Thursday, September 15, 2005

Mulroney Laid Bare

The September 19th issue of Maclean's contains an entertaining excerpt of Brian Mulroney's words from Peter C. Newman's book The Secret Mulroney Tapes. Newman had said that those who liked Mulroney will like him more, and those who hated him will hate him more, after reading his book. I must be the exception.

During the Mulroney years, I often wished my history teacher was still alive as he loved to skewer the Prime Minister of the day in our classes. Pierre Trudeau was the "megalomaniac" and Joe Clark "Joe Who?" My teacher and Mulroney had them down right. Paul Wells notices the bile and self-satisfaction of Mulroney oozing from the pages. I notice how Mulroney is a good judge of character, but not such a good judge of how well the media could massage the truth. I notice how truthful Mulroney was in stark contrast to the people we've had running our country for the last 12 years. Maybe Canadians like to live in pretend land rather than seeing their leaders for who they are (the media certainly do). Yet both Mike Harris and Mulroney won back-to-back majorities and both were straight with the populace. What you saw was what you got. Mulroney, like Harris, understood the mood of the country, and if he wasn't good at understanding people and didn't like people, he would not have held his party together and won his huge majorities. Ever since his time, the Conservative party has gone from internal knifing to internal knifing -- and they're still at it! Don't these people learn?! But I digress. The final paragraph in Maclean's may sound smug, and in the end, Mulroney's growing self-satisfaction over the years in power may've led to his downfall, but it is fundamentally true.

On another side note, every Prime Minister we've had has been full of himself. It must come with the territory. So to vilify Mulroney on this is insane. But then the media are extremely hypocritical. They rant about women's rights, then do the biggest smear campaign against Kim Campbell I've ever seen in federal politics. They talk about corruption and expose every piece of dirt during the Mulroney tenure, yet let Jean Chretien get away with the biggest pieces we've seen in recent times. The Gomery inquiry is about Chretien's corruption and Paul Martin's ineffectiveness and lack of courage. If this was about Conservative corruption, it would still be all over the papers, and there would no question that they'd be tossed out of power.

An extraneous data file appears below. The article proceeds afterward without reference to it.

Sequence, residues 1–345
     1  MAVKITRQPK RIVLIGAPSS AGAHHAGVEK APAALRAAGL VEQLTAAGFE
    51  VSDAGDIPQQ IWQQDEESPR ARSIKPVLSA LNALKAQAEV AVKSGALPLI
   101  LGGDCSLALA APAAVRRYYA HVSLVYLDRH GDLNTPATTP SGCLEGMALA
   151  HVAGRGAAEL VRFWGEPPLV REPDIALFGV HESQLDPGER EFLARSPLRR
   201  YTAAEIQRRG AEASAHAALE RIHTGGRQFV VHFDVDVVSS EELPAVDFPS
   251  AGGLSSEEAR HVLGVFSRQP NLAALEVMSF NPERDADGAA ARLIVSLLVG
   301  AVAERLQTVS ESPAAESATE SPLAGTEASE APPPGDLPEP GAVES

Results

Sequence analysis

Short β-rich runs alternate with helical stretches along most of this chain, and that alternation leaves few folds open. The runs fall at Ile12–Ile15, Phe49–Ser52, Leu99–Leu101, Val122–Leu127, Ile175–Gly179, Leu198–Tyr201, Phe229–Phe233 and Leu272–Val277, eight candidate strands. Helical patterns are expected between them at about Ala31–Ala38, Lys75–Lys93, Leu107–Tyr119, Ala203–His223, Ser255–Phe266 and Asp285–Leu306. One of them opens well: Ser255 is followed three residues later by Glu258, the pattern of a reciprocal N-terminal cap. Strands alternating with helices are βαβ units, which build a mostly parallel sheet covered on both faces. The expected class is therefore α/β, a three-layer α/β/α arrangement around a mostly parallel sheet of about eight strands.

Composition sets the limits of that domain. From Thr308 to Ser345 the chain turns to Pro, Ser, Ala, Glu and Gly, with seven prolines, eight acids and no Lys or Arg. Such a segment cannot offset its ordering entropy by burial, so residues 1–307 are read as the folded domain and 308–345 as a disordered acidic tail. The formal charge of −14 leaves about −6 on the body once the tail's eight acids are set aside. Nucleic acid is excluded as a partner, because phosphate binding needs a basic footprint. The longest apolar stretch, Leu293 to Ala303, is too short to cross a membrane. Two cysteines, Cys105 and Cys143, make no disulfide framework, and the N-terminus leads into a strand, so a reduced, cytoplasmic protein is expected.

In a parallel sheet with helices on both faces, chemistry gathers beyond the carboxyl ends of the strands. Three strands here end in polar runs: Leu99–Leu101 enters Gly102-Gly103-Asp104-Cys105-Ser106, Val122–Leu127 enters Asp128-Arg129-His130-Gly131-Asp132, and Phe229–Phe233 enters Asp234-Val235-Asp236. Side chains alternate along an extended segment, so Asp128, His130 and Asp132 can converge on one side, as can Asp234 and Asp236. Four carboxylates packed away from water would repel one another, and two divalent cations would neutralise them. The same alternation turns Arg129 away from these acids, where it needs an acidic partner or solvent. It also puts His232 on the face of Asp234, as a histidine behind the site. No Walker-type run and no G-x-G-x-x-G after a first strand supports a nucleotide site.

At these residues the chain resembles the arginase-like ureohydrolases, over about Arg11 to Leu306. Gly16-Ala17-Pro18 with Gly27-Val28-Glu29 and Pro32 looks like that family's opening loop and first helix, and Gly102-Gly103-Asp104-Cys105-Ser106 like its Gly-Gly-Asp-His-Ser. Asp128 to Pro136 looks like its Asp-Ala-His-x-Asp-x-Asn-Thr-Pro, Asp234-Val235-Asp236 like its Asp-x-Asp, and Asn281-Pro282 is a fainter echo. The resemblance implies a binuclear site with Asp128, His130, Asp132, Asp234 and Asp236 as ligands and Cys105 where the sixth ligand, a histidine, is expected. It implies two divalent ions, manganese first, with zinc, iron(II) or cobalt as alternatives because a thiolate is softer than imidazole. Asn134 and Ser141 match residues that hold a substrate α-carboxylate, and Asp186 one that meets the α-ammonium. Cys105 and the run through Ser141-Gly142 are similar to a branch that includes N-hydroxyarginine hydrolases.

Mulroney ran an election on Free Trade then did what he said he would do. Jean Chretien spoke out of the side of his mouth, promised to abolish the GST and Free Trade, and not only didn't abolish it, but also slashed and burned our health care system and research capabilities and expanded Free Trade to NAFTA. Worse he put poorly paid soldiers' lives at risk by recklessly cancelling the helicopter contract. His legacy is for us to watch ancient copters fall out of the sky. Chretien was a mean ruthless power-seeking politician who had only one worthwhile idea the entire time he was Prime Minister: to get rid of the deficit. Mulroney had him pegged. "Chretien...hasn't had a new idea since [1963]....He's a mean dirty bastard." The media for some reason bought all of Chretien's BS and massaged it to appeal to the population. I never understood how he got away with the idea of being the little guy and how the media never called him on it. Martin, meanwhile -- like Chretien before him -- spent several years plotting for the Prime Minister's job, finally got it and has dithered it away. Contrast his treatment by the media with how they flogged Mulroney for angling for the Prime Ministership, accused him of Clark's downfall -- excuse me, but Clark needed no help on that score, he's singularly inept as a leader -- but at least he had ideas and worked hard to implement them. I didn't agree with many of them, but our country was dynamic and growing under his leadership. I repeat leadership. We've had no leadership and lie after lie after lie since 1993, and it shows. It's time we had truth back in our Prime Minister's office.